Cheating Students: How Our Schools Fail the Humanistic Vision of Education

By Raskin, Tommy | The Humanist, May-June 2013 | Go to article overview

Cheating Students: How Our Schools Fail the Humanistic Vision of Education


Raskin, Tommy, The Humanist


STUDENTS CHEAT in high school. In fact, a lot of high school students cheat routinely. A 2010 study conducted by the Josephson Institute of Ethics found that at least 59 percent of high school students had cheated on a test in the past year, and over 33 percent had cheated more than twice. People who work in our high schools know that cheating is rampant but they ignore it: the constant whispering during tests, the scrawled answers on forearms, the use of cell phone cameras to take pictures of "cheat sheets" before finals. Meanwhile, non-cheating students don't blow the whistle on rule violations because they want to avoid being labeled "snitches" and "jerks."

However, it's dangerous to ignore the cheating epidemic because it reflects the absence of effective education, which has always been the source of human progress and enlightenment. Cheating reflects a deep social crisis that cannot be solved with more tests, more test proctors, more test preparation, and more test anxiety, which is the usual bureaucratic response these days. Ultimately, the cheating crisis can only be solved by rethinking our schools, which are currently modeled after Industrial-Age factories, and redesigning them to fit the educational and moral requirements of modern society.

The nature of work changed in the wake of industrialization in the nineteenth century. The employee no longer built a product alone as a craftsman or tended to the field as a farmer, but rather worked on an assembly line in which he or she repeated the same mundane tasks. The fulfillment of work was lost in the regime of strict oversight, frequent punishments, and inhumane conditions in which factory workers were forced to operate. For tardiness, workers were beaten or fired. The productive process allowed for no active or stimulating thought, and people worked only out of a necessity to make a meager salary in order to survive, The Enlightenment values of inquiry, tolerance, and autonomy championed by Thomas Jefferson, Voltaire, and others were traded for factory life and industrial the organization.

Modern-day schooling is still shaped by this disciplinarian industrial model, which became dominant in the twentieth century. "Learning" (like work) is a means to the end of good grades (like wages). Learning is not meant to be intrinsically enjoyable in school. All the school administrations I've experienced have placed a bizarre emphasis on discipline, not student engagement, as the key to success. Schools develop elaborate three-page absence policies that punish students for being away from the classroom, and generally prevent students from obtaining credits anywhere but the classroom. But if school is so great, why do we need to scare kids into going? Why do school systems need huge armies of truant officers to coerce daily attendance? Like the activity in industrial factories, much of schoolwork isn't fun, engaging, or inspiring, and people only put up with it so that they can graduate, go to college, and then reap the economic benefits they're promised for getting diplomas. What a waste of talent.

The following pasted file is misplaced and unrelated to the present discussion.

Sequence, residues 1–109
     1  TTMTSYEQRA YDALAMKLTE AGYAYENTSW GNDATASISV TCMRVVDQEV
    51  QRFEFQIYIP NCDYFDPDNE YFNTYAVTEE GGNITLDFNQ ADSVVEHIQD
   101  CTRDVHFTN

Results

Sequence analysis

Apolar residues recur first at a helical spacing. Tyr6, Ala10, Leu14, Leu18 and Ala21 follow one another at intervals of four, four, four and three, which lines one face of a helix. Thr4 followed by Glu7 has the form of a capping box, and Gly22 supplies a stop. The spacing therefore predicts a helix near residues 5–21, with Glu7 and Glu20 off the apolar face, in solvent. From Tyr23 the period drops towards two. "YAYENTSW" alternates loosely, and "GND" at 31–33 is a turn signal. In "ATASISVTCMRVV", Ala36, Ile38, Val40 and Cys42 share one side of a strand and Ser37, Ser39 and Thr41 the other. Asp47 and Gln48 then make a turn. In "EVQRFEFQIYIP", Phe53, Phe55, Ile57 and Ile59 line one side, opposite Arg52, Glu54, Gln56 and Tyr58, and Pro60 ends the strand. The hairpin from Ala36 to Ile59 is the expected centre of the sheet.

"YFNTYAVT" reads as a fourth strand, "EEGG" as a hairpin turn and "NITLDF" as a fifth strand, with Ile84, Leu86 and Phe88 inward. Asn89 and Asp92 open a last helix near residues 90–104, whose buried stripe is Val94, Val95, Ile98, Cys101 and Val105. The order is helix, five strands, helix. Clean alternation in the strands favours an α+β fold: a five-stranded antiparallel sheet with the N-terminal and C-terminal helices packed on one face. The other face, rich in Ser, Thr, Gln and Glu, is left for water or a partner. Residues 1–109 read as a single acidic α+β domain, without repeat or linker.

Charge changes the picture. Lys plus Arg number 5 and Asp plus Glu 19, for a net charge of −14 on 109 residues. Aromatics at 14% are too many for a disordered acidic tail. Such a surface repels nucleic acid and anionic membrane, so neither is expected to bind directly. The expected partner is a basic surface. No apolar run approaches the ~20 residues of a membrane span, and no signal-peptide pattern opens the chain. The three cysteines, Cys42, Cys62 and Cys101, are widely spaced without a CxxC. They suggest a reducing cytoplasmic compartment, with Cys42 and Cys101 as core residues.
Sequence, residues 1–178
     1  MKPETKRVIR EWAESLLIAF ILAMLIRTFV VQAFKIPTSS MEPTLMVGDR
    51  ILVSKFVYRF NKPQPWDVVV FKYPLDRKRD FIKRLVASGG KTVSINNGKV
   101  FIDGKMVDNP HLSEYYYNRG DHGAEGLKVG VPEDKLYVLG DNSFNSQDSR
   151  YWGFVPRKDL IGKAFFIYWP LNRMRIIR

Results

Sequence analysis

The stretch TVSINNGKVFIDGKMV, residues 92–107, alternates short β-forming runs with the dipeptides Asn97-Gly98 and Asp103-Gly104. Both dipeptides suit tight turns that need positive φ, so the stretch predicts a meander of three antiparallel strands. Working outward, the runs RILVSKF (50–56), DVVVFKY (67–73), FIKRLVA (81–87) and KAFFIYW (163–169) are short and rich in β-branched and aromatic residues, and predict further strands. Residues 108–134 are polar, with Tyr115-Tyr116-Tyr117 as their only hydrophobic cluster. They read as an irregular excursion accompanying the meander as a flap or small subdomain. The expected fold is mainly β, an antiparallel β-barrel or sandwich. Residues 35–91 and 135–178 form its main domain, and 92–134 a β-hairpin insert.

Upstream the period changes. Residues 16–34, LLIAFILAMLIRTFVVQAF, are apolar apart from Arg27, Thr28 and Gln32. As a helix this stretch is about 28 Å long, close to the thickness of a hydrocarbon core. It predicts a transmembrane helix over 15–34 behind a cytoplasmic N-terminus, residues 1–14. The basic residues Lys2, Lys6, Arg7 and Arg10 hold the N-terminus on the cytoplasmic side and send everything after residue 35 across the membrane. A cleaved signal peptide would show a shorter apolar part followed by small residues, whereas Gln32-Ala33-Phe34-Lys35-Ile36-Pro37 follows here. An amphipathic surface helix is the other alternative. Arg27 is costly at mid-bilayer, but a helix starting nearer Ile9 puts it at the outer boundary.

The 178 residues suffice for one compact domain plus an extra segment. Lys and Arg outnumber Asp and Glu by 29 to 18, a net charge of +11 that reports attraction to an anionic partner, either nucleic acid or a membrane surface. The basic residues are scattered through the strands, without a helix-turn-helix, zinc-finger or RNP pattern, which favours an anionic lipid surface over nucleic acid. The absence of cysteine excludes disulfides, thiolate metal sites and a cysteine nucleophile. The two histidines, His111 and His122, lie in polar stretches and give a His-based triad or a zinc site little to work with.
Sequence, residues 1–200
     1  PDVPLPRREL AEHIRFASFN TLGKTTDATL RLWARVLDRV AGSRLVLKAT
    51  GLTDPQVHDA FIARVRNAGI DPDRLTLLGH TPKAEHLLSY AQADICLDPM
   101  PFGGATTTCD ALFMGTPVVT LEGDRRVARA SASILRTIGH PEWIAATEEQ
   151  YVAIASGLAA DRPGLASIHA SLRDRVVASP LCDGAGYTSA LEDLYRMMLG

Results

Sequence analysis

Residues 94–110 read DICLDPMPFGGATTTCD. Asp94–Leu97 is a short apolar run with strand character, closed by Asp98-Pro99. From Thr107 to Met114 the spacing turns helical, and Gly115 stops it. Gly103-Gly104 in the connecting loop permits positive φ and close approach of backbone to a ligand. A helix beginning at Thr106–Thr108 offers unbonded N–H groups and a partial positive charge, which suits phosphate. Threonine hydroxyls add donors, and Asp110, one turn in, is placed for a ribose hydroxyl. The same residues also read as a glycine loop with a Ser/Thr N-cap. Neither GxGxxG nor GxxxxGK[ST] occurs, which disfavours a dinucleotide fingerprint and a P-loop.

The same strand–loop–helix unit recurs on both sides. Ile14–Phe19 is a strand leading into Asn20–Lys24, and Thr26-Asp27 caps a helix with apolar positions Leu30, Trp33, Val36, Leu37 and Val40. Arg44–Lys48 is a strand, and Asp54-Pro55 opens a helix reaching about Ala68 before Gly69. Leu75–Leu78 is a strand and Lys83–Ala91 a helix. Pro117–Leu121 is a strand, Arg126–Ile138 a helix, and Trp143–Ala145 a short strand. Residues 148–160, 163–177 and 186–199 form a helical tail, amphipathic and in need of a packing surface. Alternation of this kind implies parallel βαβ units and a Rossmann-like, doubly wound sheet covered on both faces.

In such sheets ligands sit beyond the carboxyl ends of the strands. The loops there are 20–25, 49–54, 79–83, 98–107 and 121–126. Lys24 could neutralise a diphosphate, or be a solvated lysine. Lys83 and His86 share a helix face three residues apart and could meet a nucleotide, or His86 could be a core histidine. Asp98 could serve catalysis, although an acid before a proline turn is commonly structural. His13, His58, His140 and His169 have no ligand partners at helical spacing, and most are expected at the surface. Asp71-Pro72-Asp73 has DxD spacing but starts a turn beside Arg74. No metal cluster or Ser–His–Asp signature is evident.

I go to a very large, diverse, and highly ranked public high school in suburban Montgomery County, Maryland. My interactions with students and teachers there, in addition to interviews with educators and students at other public and private schools, have taught me that today's schooling is flawed in a fundamental way. During half of the tests I take, I see students blatantly cheating. I also see students preparing to cheat in elaborate ways in order to minimize the chance of getting caught. On one occasion, before a foreign language test, I took a quick survey of the class to find out how many students were planning to cheat. Because the six students sitting closest to me were all going to cheat, I decided to take issue with it before the test started.

"I always see people getting away with cheating in this class" I told the teacher after raising my hand. …

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